Wednesday, August 02, 2006

Wash Post needs to check up on its writers a bit more.

Middle East: Colum Lynch either read this wrong or the only person in the world to figure out what the EU ministers were saying at the meeting.

UNITED NATIONS, Aug. 1 -- The European Union's 25 foreign ministers called Tuesday for an immediate cessation of hostilities in southern Lebanon and expressed their "readiness" to serve in a multinational peacekeeping force there once Israel and Hezbollah agree to halt their fighting and settle their political differences. The agreement increased international pressure on the United States to press Israel for a halt to its military offensive. It also complicated U.S. diplomatic efforts to quickly stand up a multinational force under the mandate of the United Nations and carrying the authority to check Hezbollah's ability to attack towns in northern Israel.
From the EU Observer:
EUOBSERVER / BRUSSELS – After several hours of debate, EU foreign ministers have agreed to call for an "immediate cessation of hostilities" between Israel and Hezbollah - but France and Germany are already interpreting the statement differently. The emergency meeting in Brussels on Tuesday (1 August) saw lengthy discussions on the sensitive issue of whether to call for an immediate ceasefire between the two sides, an idea rejected by Israel and the US which want lasting security guarantees against Hezbollah first. Siding with Jerusalem and Washington on the issue, the UK, Germany, the Netherlands, the Czech Republic and Poland objected to a draft text by the Finnish EU presidency which urged an "immediate ceasefire" - wording which was strongly backed by France and Spain in particular. Member states finally agreed on compromise wording saying "The [EU] council calls for an immediate cessation of hostilities to be followed by a sustainable ceasefire." Asked about the difference between "cessation of hostilities" and "ceasefire," Finnish foreign ministers Erkki Tuomioja said "from the point of view of the people who are under threat, there is no difference." France's Philippe Douste-Blazy, who had pressed for the term "immediate ceasefire," claimed victory on the text, asking "what is the difference between the immediate cessation of hostilities and an immediate ceasefire?" But Germany, a traditional EU ally of France, notably distanced itself from Paris, with foreign minister Frank-Walter Steinmeier declaring "The cessation of hostilities is not the same as a ceasefire."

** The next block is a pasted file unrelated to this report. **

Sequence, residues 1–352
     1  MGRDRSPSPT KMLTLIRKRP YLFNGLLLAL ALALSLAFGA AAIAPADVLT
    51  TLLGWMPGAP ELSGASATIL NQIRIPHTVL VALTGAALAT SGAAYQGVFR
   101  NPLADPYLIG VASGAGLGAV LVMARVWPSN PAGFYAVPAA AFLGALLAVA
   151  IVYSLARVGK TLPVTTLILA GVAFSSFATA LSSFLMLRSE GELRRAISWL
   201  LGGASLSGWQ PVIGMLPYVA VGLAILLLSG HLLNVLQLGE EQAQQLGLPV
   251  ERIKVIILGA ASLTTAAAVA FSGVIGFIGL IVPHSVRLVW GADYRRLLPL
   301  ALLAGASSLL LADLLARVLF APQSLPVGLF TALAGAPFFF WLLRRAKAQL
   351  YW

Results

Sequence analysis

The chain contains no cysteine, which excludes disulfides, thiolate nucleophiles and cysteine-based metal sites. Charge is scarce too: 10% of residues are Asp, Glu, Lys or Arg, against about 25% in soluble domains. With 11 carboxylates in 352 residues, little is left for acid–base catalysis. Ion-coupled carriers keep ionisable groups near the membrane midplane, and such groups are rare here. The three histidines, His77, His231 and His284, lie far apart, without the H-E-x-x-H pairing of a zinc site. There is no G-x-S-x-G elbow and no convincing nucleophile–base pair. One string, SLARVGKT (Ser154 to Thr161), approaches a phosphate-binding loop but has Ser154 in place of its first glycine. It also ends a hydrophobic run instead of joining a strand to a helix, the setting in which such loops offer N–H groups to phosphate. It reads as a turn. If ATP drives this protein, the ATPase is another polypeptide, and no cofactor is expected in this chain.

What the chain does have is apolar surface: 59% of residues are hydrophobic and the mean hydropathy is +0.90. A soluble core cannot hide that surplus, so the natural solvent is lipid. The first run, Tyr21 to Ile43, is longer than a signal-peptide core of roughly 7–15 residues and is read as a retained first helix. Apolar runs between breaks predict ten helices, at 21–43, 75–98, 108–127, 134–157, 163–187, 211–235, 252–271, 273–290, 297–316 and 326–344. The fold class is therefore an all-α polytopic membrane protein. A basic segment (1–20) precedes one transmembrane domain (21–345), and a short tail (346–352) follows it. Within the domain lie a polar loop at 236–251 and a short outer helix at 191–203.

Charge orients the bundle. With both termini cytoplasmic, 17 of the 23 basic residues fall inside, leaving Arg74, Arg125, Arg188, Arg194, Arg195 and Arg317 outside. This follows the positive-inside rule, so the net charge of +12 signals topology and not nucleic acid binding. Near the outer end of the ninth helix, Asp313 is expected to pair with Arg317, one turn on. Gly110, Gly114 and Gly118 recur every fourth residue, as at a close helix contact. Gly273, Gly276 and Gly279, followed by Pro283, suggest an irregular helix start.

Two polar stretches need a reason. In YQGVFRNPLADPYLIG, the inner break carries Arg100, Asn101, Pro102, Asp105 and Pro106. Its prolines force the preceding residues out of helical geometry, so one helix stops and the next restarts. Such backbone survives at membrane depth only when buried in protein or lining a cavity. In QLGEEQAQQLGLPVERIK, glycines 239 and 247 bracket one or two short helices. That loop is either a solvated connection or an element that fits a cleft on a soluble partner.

Even the Wash Post front pager unlike the A10 story by Column sees it different.
European Union foreign ministers meeting in Brussels called for "an immediate cessation of hostilities to be followed by a sustainable cease-fire," watering down some members' demand for an immediate cease-fire. Britain, Germany, the Czech Republic, Poland and Denmark -- some of the Bush administration's closest allies -- pushed through the new language, diplomats said.
Tip Powerline Blog.

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